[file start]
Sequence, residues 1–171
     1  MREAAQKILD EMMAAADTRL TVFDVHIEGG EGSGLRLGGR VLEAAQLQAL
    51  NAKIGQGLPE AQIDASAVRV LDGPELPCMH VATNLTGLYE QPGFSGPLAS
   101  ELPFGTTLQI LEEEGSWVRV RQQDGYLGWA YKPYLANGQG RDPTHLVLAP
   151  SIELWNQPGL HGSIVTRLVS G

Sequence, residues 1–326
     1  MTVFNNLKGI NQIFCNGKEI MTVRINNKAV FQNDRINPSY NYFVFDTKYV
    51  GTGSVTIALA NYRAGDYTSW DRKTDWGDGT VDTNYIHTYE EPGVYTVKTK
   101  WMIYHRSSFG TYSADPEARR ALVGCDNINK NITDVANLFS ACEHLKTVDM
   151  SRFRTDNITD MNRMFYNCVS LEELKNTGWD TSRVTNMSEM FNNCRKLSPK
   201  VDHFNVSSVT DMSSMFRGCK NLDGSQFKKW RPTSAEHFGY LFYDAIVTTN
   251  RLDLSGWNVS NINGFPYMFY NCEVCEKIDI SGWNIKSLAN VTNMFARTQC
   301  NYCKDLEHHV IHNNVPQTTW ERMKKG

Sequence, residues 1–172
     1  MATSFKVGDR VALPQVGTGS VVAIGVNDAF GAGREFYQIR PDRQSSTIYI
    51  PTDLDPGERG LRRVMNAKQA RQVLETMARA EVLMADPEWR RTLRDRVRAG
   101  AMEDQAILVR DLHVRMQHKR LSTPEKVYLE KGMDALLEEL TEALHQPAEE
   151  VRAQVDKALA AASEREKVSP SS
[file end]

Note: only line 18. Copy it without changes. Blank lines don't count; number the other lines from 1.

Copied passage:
   151  VRAQVDKALA AASEREKVSP SS